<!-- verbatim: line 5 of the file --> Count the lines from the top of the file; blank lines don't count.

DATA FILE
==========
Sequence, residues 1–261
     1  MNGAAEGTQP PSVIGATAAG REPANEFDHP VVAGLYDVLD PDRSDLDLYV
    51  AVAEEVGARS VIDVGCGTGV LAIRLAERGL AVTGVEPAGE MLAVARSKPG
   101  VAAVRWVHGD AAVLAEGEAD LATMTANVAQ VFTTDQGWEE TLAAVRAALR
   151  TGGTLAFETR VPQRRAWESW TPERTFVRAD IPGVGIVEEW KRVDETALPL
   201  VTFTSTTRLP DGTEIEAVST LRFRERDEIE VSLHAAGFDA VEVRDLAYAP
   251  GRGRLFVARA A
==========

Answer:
   151  TGGTLAFETR VPQRRAWESW TPERTFVRAD IPGVGIVEEW KRVDETALPL